One point she wanted to get across in the book is the role that health care now plays in our lives and affects our decisions. I can relate. My dream is to own an independent book store one day and be self employed, but needing health care as badly as I do makes that dream seem unrealistic.

She also talked a little bit about past books such as We Need To Talk About Kevin and The Post-Birthday World. She confirmed that We Need To Talk about Kevin is officially being made into a MOVIE staring John C. Reilly and Tilda Swinton! I’ll definitely be curious to see that one. She admited that she is married to a man very similar to “Ramsey” in The Post-Birthday World, although Ramsey played Snooker while her husband plays jazz drums. She also said that she is not working on another book at the moment, but the next topic she hopes to tackle is immigration.

Just a quick reminder to everyone that the giveaway for Cutting for Stoneends March 21st, so don’t forget to enter HERE.

The hour long interview was very entertaining and often times extremely funny. It was the first author talk I’ve heard in a very long time and it made me want to go to more! I ended up buying So Much For That and got it signed. My other reading plans will be put on hold til I read this one!

This interview will be accessible as a podcast on Victoria Lautman’s Website. She has interviewed a number of distinguished authors for her Writers on the Record Series which is in its last season. Audrey Niffenegger, Elizabeth Strout, Augusten Burroughs, and Ann Packer are just a few examples. Go have a listen!

February in Review

Wow, February really flew by this year, but it was an exciting month for me in terms of my blog! I read 4 books and listened to 3, making my total February book count 7. Here are the books read/listened to in February:

There were many great books in this list, but The Art of Racing in the Rain was my favorite. Review coming soon…

This month I also saw a bunch of great movies, two of which have been reviewed on this blog. I am excited to announce William Guth as a guest contributor who posted a wonderful review of one of the best movies I’ve seen in a long time, An Education. He also co-authored the review for A Single Man. Expect more movie and book reviews from him in the future.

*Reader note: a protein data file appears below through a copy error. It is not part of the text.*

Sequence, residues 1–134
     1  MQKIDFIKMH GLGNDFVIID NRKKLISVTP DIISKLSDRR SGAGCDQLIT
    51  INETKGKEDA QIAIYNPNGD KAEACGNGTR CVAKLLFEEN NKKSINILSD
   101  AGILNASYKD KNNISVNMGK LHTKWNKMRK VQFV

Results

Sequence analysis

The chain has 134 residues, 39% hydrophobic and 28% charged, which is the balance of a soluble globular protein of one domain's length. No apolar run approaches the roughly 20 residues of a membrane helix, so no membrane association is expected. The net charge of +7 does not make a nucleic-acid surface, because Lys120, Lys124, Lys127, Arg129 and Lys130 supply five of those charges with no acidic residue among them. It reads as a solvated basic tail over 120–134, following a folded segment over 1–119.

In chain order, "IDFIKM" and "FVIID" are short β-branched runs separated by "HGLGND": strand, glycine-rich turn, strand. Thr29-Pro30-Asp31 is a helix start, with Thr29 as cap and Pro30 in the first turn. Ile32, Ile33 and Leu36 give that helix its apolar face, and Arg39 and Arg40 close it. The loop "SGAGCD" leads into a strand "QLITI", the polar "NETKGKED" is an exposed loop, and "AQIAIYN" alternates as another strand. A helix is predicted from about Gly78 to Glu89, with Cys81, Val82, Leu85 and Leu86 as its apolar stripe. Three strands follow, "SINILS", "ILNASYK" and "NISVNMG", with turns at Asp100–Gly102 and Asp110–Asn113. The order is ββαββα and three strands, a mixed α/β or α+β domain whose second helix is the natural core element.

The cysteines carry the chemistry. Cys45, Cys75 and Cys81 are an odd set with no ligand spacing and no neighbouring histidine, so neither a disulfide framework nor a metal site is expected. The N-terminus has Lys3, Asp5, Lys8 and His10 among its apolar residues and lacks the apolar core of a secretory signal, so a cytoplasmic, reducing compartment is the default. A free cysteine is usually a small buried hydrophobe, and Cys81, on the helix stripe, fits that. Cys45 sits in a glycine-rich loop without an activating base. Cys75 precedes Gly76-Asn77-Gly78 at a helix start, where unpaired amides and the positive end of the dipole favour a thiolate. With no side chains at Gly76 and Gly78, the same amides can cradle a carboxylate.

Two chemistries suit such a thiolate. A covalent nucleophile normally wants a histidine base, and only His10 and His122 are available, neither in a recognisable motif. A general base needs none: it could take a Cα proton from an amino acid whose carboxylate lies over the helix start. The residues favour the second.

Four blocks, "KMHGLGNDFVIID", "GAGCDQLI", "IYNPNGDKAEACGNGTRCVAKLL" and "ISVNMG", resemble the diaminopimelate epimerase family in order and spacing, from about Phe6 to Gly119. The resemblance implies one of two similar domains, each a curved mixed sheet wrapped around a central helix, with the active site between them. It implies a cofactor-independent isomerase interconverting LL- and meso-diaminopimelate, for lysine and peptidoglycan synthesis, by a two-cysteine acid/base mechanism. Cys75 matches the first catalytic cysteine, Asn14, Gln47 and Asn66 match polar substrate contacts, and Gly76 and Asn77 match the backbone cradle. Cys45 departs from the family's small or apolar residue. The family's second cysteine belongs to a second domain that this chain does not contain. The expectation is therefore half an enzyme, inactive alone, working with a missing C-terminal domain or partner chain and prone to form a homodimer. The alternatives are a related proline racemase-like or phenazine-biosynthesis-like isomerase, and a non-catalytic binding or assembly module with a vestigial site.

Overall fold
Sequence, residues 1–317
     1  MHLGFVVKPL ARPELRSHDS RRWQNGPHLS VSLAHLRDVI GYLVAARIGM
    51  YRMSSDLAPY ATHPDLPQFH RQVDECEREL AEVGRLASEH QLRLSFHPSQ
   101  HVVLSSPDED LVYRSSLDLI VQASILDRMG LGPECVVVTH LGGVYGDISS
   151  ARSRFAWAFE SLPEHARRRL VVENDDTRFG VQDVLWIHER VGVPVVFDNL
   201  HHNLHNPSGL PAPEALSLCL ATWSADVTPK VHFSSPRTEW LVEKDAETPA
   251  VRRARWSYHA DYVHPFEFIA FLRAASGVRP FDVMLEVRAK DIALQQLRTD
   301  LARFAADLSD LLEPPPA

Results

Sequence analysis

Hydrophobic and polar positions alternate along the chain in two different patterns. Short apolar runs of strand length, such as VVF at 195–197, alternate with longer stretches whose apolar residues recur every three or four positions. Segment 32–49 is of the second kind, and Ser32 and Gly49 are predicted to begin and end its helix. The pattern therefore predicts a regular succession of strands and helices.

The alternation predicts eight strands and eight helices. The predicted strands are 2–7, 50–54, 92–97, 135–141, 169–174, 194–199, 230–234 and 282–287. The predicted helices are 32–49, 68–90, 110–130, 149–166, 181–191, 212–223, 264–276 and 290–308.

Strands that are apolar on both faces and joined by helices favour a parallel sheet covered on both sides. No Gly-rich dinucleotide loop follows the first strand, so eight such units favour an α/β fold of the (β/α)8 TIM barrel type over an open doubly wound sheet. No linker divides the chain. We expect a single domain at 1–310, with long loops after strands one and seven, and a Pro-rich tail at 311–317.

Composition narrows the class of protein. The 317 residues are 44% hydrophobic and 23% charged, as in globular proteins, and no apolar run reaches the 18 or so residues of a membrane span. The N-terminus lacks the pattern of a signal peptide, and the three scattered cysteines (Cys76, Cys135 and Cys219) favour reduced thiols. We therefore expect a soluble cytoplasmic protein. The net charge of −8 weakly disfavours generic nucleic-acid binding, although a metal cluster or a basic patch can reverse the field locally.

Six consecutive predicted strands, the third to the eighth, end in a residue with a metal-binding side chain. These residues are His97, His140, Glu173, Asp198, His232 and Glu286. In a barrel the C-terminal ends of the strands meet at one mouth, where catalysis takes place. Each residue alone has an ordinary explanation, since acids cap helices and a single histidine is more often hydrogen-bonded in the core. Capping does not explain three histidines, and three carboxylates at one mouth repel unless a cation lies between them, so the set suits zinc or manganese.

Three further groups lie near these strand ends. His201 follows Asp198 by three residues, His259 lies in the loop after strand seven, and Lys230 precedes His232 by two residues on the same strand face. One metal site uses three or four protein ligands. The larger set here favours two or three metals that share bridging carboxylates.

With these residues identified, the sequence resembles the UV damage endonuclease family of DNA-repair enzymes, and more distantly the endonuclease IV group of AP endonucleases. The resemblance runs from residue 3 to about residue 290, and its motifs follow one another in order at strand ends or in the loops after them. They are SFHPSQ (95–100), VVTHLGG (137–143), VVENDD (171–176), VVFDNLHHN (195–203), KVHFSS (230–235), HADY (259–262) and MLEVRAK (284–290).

Another thing that happened this month was my switch from blogspot to wordpress. So far I’ve been very happy with the change and am excited about all the possibilities there are on wordpress.

In March I will finally be reading The Girl with the Dragon Tattoo by Stieg Larsson, which has been on my radar for quite some time now. I’m also starting a new audio book by Anita Shreve called A Change in Altitude, as well as reading a nonfiction choice, Thinking in Pictures by Temple Grandin. There is a movie based on this book currently playing on HBO called Temple Grandin.

I also hope to do my first giveaway in March. Look for that coming up soon! Stay tuned…

An Education

Somehow in the last 3 months I’ve managed to see 5 of the 10 films nominated for Best Picture and IMO, this movie was really something special

Plot Summary: The film takes place in 1960’s London (or specifically the suburb of Twickenham).  Sixteen year old Jenny lives with her parents. On her father’s wishes, everything that Jenny does is in the sole pursuit of being accepted into Oxford, as he wants a better life for her than he had.  Jenny Moller is bright, pretty, hard working but also naturally gifted.  Her life changes after she meets David Goldman, a man over twice her age; who goes out of his way to show Jenny and her family that his interest in her is not improper. He solely wants to expose her to cultural activities, which she enjoys. Jenny quickly gets accustomed to the life to which David and his constant companions, Danny and Helen, have shown her, and their relationship becomes a romantic one.  Jenny, however, slowly learns more about David, and by association Danny and Helen, and how specifically they make their money. Jenny has to decide if what she learns about them and leading such a life is worth forgoing her plans of higher education at Oxford.

My take on it:

And the award for Best Picture goes to (drum roll please!) . . . . . ‘An Education.’

Based on Lynn Barber’s memoir ‘An Education*,’ the twenty four year old Carey Mulligan absolutely jumps off the page as sixteen year old Jenny Mellor, who despite her bright future, can’t help wondering if all her efforts aren’t for nothing in the end.  Daughters beware, this film may well prove that your parents Continue reading